It would be pointless to reiterate the plot of a novel that has probably had the biggest readership of any literary work since "Gone With the Wind." Suffice it to say that a mysterious murder in the Louvre sends a Harvard symbologist and the dead man's granddaughter on a clue-driven search for the famed Holy Grail. Along the way, the two uncover a grand conspiracy on the part of a renegade Catholic order to protect a secret that, if it were revealed, could shake the whole of Western civilization down to its very foundations.

Despite the phenomenal - one is tempted to say "unprecedented" - commercial success of his work, Dan Brown is no great shakes as a writer; his characters are, almost without exception, drab and two-dimensional, and his dialogue, when it isn't being overly explicit in pouring out explanations, sounds like it was written by a first-year student in a Writer's 101 workshop. But the one undeniable talent Brown does have is his ability to knit together a preposterously complex web of codes and clues into an airtight tapestry, and to make it all convincing.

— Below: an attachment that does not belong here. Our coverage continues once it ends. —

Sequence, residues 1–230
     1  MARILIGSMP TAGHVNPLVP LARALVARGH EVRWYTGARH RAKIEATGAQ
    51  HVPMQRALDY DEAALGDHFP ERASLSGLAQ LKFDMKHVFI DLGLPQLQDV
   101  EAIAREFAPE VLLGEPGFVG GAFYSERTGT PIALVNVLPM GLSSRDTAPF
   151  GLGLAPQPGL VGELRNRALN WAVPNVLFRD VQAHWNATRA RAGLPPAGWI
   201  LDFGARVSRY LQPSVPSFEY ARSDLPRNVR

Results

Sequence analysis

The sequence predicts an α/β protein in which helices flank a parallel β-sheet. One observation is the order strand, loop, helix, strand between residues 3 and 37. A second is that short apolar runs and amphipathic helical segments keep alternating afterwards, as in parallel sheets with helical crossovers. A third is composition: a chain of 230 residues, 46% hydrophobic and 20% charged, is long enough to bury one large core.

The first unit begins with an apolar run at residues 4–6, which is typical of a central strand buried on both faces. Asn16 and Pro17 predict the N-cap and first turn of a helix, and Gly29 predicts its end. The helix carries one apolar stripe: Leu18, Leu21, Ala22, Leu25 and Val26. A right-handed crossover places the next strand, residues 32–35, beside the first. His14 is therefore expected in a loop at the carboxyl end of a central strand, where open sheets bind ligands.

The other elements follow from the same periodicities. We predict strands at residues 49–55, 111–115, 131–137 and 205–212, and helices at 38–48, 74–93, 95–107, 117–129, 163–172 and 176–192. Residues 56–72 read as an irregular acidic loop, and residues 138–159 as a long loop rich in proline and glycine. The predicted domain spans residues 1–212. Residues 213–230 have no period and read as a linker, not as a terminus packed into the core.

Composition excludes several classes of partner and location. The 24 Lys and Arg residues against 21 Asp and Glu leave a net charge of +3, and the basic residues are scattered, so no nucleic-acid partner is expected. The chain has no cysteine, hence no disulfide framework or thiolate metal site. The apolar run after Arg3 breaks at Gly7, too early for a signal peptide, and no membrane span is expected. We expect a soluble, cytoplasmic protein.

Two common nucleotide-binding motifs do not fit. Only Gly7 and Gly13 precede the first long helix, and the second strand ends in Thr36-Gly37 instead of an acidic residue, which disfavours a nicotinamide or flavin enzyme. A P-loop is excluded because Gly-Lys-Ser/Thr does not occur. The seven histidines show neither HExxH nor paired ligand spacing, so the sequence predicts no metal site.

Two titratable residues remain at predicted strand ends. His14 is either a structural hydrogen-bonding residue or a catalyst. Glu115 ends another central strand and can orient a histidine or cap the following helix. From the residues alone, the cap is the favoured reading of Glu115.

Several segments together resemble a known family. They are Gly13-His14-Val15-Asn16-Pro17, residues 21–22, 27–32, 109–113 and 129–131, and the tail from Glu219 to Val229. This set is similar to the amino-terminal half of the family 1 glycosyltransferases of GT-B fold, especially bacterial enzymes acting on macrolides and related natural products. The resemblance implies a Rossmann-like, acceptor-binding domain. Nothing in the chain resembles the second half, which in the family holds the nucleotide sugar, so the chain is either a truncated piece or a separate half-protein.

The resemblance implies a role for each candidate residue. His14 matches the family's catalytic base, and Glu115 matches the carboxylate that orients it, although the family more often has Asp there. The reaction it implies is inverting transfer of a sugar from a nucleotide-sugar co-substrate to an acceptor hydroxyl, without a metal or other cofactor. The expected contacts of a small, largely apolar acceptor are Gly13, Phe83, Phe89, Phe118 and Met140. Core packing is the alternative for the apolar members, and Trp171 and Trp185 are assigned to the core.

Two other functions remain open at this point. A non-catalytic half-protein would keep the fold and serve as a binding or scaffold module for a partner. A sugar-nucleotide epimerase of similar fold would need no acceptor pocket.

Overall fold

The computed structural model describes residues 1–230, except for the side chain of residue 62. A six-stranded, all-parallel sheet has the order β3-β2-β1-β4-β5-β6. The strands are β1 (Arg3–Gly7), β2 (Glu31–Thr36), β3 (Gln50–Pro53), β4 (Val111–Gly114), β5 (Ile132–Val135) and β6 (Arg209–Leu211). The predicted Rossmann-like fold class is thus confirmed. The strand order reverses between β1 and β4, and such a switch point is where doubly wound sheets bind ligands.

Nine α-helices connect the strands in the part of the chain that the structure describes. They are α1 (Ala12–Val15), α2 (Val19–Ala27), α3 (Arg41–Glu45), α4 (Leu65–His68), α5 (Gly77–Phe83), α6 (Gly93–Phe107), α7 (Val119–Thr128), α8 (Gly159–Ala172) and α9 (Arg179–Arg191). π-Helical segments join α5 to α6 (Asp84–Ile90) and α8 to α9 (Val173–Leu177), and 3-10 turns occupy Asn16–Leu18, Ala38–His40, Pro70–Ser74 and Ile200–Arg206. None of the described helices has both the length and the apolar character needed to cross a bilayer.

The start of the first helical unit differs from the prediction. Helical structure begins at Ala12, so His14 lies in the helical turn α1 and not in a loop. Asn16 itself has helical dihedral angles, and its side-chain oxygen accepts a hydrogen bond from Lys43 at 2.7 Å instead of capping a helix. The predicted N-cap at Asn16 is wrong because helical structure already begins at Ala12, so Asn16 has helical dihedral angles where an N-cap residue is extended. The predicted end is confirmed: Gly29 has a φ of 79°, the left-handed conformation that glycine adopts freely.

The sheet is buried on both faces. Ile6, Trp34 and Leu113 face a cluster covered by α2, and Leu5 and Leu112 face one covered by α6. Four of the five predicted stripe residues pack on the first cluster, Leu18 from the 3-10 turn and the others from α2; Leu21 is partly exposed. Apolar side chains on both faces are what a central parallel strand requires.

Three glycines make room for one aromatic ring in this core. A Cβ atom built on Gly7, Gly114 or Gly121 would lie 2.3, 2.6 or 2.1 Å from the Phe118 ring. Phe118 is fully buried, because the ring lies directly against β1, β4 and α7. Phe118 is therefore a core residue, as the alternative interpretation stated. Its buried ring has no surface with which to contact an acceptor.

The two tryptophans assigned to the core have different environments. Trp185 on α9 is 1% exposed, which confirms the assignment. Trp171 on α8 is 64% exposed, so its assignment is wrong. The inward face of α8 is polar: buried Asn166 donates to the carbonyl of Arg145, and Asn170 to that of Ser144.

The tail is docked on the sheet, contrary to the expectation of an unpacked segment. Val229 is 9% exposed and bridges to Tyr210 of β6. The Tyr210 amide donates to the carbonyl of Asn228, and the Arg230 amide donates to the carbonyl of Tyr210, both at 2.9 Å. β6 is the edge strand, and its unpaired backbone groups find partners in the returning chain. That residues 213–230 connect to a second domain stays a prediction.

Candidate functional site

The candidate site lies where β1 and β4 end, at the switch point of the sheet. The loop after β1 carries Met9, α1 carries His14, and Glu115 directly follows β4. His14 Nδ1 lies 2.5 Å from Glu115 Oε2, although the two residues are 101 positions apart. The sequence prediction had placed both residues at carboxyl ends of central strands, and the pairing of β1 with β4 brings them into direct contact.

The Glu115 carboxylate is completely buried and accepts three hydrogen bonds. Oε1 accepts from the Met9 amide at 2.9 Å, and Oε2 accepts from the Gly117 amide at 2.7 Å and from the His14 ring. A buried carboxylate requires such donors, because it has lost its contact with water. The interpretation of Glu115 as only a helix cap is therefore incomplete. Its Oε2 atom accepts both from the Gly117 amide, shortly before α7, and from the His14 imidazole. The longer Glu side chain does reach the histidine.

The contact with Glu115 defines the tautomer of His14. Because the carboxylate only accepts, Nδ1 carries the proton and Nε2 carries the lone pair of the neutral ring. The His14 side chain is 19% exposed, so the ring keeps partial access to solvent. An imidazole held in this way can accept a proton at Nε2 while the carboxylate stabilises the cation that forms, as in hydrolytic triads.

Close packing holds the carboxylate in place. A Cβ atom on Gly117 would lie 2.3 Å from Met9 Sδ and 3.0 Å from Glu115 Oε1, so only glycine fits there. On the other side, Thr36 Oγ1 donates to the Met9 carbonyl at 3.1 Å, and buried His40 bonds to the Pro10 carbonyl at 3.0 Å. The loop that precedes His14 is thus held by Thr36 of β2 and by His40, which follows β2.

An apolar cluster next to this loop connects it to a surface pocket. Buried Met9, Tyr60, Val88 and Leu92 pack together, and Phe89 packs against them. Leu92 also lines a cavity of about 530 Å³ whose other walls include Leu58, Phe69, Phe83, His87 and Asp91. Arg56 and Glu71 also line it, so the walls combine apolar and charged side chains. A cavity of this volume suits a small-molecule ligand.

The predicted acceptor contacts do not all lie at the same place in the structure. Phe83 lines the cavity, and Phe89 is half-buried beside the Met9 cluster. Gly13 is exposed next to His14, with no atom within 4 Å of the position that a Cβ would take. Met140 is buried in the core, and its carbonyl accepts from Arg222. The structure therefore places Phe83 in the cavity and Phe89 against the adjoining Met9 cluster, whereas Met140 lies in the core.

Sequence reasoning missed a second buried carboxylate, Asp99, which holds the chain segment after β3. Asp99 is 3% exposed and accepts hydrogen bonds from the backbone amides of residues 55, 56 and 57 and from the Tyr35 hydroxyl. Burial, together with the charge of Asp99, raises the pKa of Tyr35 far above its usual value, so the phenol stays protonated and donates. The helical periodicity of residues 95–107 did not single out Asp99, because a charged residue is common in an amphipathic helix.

The movie is very faithful to the novel in this respect. It moves quickly from location to location, never giving us too much time to question the logic (or illogic) of the narrative or to examine the many gaping plot holes in any great detail. Writer Akiva Goldsman has encountered his greatest trouble in the scenes in which the action stops dead in its tracks so that the characters can lay out in laborious detail the elaborate story behind the clues. Yet, this is as much the fault of the nature and design of the novel as it is of the man given the unenviable task of bringing it to the screen. Moreover, perhaps in the interest of time and keeping the action flowing, Robert and Sophie come up with solutions to the myriad riddles much too quickly and accurately, with a "Golly, gee, could it mean_______?" attitude that borders on the ludicrous. But, somehow, Howard makes most of it work. Perhaps, it's the clunky literal-minded earnestness with which he approaches the subject that ultimately allows us to buy into it against our better judgment.